Historically, NT storage requirements have been met with internal arrays with average capacities of less than 20GB. Table 2 identifies NT storage requirements by site size.

Systems vendors dominate storage acquisitions at small and medium-size sites. The majority of sites can be satisfied with internal storage configurations. Therefore, it is difficult to justify the added cost associated with external arrays.

However, because clusters will enable new levels of data sharing, we expect the market for external arrays to pick up significantly once clusters gain acceptance. External arrays are easy to implement, are comparatively inexpensive, and support more capacity than internal arrays.

The large sites outlined in Table 2 have an average $400,000 server configuration and associated $210,000 storage requirement. External storage in these environments will consist of two types. Type 1 will have multiple low-cost and limited-function external disk arrays, each typically priced under $50,000. Type-2 arrays will provide significantly more functionality. The biggest difference between these two classes will be the level of software functionality, service offerings, and performance/capacity scaling. Type-2 arrays are similar to enterprise-class disk arrays sold in the Unix market.

The market for external NT storage is just starting to take off, driven in part by Compaq aggressively promoting its new Fibre Channel subsystems. According to Dataquest estimates, Compaq held more than a 35% share of the $4 billion+ NT disk subsystem market in 1997. Compaq will leverage its NT and Netware market dominance in order to grow its external disk array product line and to gain additional market share within this segment.

Though Compaq will be able to gain market share within the Type-1 disk subsystem market, the Type-2 (or enterprise) segment will be a difficult challenge, despite the acquisition of Digital. Type-2 arrays will often be deployed in environments that require data sharing between NT and Unix systems.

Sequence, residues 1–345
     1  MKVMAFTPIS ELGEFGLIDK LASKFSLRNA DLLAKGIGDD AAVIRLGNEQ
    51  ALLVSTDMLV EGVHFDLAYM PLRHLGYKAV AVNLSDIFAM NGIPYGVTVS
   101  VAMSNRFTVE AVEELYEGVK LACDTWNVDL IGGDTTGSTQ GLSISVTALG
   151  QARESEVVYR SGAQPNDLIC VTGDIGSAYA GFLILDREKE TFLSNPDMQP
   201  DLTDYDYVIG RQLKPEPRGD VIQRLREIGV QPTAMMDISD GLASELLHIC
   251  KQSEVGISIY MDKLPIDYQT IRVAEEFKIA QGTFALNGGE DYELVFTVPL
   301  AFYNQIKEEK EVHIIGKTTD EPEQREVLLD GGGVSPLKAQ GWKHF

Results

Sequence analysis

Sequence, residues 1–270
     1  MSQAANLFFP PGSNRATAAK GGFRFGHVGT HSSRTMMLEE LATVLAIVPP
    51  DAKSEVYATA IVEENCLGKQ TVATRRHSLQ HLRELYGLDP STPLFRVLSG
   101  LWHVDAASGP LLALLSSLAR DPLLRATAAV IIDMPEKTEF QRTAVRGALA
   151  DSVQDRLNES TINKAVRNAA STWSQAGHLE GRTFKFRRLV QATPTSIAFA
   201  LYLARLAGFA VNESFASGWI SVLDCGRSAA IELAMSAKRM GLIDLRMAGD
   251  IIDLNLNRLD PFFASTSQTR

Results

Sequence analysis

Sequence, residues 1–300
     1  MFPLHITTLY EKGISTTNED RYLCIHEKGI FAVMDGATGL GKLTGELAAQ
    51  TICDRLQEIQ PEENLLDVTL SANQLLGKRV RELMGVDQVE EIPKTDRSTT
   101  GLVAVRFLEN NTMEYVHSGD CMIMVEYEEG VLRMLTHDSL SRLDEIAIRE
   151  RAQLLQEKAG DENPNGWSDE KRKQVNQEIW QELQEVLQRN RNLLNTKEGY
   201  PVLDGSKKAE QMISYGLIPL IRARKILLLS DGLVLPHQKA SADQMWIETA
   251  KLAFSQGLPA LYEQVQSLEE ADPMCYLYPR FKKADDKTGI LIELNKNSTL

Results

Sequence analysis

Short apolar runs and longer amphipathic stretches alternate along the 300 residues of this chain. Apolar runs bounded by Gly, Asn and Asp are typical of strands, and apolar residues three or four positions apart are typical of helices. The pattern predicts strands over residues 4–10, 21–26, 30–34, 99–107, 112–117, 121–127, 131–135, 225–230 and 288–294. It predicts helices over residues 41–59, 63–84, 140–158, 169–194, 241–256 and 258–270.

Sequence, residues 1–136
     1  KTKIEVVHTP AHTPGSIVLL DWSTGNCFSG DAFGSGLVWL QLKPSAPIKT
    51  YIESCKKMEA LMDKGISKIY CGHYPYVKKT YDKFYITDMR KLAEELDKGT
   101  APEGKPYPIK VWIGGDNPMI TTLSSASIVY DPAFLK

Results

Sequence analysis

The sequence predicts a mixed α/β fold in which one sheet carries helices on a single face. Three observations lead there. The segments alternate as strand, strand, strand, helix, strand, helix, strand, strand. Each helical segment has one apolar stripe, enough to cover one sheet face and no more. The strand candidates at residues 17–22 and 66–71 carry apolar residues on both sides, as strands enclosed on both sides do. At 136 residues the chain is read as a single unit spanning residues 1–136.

Therefore, Dataquest believes disk subsystem suppliers that offer heterogeneous operating system support will be positioned for growth within this segment. Such companies include Andataco, Clariion, ECCS, EMC, IBM, MTI, Storage Computer, Symbios (which was recently acquired by Adaptec), and Zitel. Table 3 outlines relative market opportunity for the NT storage sector.

Because Unix servers offer greater clustering and data-sharing capabilities with mainframes and NT servers, the need for enterprise-level disk subsystems will continue. At the same time, as low-priced NT servers take over server market share, the commodity-oriented subsystems market will explode. Capturing the growth of each segment requires entirely different product, support, and distribution offerings. No one storage or server supplier will be able to capture market share dominance in both segments.

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Thomas Lahive is a senior industry analyst, specializing in server storage and RAID, at Dataquest, a market research firm in San Jose, CA. Lahive works in the company`s Westborough, MA, offices.

This article was originally published on April 01, 1998